Tuesday 20 February 2018 / 04:40 AM


After another intriguing weekend of AFL matches, here’s what left me gagging for more and shaking my head in frustration in Round 7.


Long live the Egalitarian AFL

Usually a couple of months into the season, things start to settle. The top 8 is generally set with the rest of the season about jockeying for positions. That predictability has not eventuated this season. As has been repeatedly stated on Twitter, the 2017 AFL season is drunk.

There has been upsets galore, which hit a crescendo in round 7 with the lower-ranked team winning every match – a historical quirk that had never happened before in the AFL era.

GWS and Adelaide appear the most talented teams but are far from impregnable, as was stunningly proven on the weekend. The AFL has long coveted an egalitarian system and it appears the fruits of its equalisation policies are bearing fruit.

Unlike the NBA, for instance, which has become a two-team league and the season up to the Finals feels almost pointless, a number of AFL teams can genuinely feel optimistic about premiership glory. The AFL is far from perfect – 10 teams from Victoria ensures it is skewed – but you’re hard-pressed to find a more intriguing league anywhere in the world.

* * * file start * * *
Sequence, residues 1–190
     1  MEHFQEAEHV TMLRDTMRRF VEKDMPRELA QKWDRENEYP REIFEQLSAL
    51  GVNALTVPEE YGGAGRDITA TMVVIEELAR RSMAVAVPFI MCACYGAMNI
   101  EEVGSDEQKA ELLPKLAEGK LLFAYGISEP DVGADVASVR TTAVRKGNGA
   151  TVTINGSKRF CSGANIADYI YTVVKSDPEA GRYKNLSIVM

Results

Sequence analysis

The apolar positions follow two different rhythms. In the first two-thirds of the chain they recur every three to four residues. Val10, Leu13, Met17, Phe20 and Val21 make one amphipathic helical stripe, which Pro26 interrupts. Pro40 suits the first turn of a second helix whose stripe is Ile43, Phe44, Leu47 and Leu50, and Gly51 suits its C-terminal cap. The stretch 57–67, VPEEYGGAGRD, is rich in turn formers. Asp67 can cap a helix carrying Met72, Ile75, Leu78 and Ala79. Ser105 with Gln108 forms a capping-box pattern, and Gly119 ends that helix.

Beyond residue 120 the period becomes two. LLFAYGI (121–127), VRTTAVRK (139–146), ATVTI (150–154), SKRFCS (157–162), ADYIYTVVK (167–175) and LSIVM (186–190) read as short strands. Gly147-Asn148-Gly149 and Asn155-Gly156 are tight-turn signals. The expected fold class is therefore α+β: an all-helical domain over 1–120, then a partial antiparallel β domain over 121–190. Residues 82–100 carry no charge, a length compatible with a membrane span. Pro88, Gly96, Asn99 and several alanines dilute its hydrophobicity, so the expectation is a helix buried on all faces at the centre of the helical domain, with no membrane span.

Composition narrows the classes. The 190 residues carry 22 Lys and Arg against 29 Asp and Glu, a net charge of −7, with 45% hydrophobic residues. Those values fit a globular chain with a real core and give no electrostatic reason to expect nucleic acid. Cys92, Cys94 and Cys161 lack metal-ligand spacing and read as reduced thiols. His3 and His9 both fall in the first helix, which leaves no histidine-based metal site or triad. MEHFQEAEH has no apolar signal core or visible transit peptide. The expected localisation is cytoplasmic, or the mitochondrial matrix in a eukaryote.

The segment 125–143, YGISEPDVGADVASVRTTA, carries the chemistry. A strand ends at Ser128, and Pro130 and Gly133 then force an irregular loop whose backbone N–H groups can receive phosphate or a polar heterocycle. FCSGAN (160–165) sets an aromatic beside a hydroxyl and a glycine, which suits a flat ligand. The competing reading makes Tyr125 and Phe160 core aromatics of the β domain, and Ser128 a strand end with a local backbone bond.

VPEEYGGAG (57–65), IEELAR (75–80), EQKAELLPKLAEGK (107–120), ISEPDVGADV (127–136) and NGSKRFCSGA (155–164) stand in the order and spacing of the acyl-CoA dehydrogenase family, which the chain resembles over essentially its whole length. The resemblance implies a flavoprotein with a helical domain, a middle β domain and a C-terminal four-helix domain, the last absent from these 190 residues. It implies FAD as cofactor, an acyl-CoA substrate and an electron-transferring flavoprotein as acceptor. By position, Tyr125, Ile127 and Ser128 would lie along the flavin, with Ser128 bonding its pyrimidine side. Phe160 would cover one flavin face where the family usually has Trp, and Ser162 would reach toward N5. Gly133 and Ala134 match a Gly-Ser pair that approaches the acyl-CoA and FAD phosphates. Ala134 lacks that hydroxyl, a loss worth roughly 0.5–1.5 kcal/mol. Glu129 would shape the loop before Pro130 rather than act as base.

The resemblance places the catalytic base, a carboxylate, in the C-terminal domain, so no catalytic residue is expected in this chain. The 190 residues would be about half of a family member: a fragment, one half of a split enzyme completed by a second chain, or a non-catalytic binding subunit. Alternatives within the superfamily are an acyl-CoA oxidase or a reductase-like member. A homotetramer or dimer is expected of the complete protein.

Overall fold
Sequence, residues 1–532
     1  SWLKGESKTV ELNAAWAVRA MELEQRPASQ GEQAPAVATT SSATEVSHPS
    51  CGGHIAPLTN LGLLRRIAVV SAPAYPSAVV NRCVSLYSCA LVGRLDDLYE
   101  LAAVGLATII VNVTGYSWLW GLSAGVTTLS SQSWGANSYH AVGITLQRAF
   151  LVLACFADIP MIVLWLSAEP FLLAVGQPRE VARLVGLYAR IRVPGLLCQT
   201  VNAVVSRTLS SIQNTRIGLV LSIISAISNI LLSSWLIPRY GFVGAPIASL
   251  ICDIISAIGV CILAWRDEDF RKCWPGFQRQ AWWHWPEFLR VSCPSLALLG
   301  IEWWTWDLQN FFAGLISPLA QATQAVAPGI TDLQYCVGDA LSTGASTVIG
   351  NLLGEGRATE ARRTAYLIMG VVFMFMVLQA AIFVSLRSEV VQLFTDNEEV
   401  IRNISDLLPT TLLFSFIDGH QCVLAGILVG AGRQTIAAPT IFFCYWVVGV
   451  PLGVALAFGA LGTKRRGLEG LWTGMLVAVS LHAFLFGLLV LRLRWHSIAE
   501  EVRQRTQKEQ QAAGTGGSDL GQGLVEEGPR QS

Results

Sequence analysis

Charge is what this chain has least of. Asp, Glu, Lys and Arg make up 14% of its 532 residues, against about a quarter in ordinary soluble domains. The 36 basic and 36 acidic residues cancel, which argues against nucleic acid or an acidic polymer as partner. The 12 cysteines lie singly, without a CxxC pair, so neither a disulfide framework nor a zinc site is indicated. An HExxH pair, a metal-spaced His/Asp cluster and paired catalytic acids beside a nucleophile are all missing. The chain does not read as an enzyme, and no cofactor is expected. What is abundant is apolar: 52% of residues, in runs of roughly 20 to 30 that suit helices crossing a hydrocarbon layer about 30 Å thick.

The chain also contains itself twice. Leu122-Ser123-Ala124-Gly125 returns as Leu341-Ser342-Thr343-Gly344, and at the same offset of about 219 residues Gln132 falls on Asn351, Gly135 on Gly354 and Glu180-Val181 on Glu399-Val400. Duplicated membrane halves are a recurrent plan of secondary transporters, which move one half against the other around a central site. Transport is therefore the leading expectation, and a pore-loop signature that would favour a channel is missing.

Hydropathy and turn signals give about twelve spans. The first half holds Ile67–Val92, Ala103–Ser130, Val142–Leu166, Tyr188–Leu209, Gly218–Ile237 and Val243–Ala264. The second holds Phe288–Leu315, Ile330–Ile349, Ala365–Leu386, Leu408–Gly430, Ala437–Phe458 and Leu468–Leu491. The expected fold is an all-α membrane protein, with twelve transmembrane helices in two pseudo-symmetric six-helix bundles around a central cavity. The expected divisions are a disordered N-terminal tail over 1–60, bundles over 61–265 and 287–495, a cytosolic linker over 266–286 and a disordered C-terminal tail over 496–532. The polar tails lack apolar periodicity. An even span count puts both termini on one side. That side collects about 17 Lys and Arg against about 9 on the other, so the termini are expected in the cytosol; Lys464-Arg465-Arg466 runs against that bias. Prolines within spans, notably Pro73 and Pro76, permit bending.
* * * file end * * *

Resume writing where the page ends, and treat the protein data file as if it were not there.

West Coast’s Adelaide Love Affair

Can the grand final be played at the Adelaide Oval? That’s what baffled West Coast fans were thinking in the aftermath of their team’s stirring victory over Port Adelaide on Saturday.

Astoundingly, West Coast has won 5 from 6 – their only loss was with a second-string side against the Crows in late-2015 – at the hotbed venue, the envy of all travelling teams.

The Eagles’ struggles at the MCG have been well-documented – and unfortunately for the club, that’s where the grand final is permanently played. Thus, West Coast will unlikely be taken as a serious flag contender until they can win at the hallowed venue.

Still, their unwanted ‘flat-track’ moniker is slightly unfair considering West Coast’s ability to beat good teams away from home – so long as it’s not at the ’G.

Dale Thomas’ Moment of Magic

Dale Thomas has had a wretched time of it in recent years. He was once a premiership star at Collingwood during a period where Thomas routinely dazzled. During his peak years, Thomas could tap into his bag of tricks and turn a match through a moment of magic.

Ever beguiling, Thomas was even able to unshackle Mick Malthouse, the famed pugnacious Collingwood premiership coach, who lured his former pupil to Carlton in 2013. Unfortunately for Carlton and Thomas, his recruitment has been an utter disaster.

His later years at Collingwood were besieged by ankle injuries yet the Blues still signed Thomas to a lucrative four-year deal reportedly worth $3 million. Thomas has struggled with injuries and inconsistencies at Carlton and been a shadow of the livewire who once so thrillingly captivated footy fans.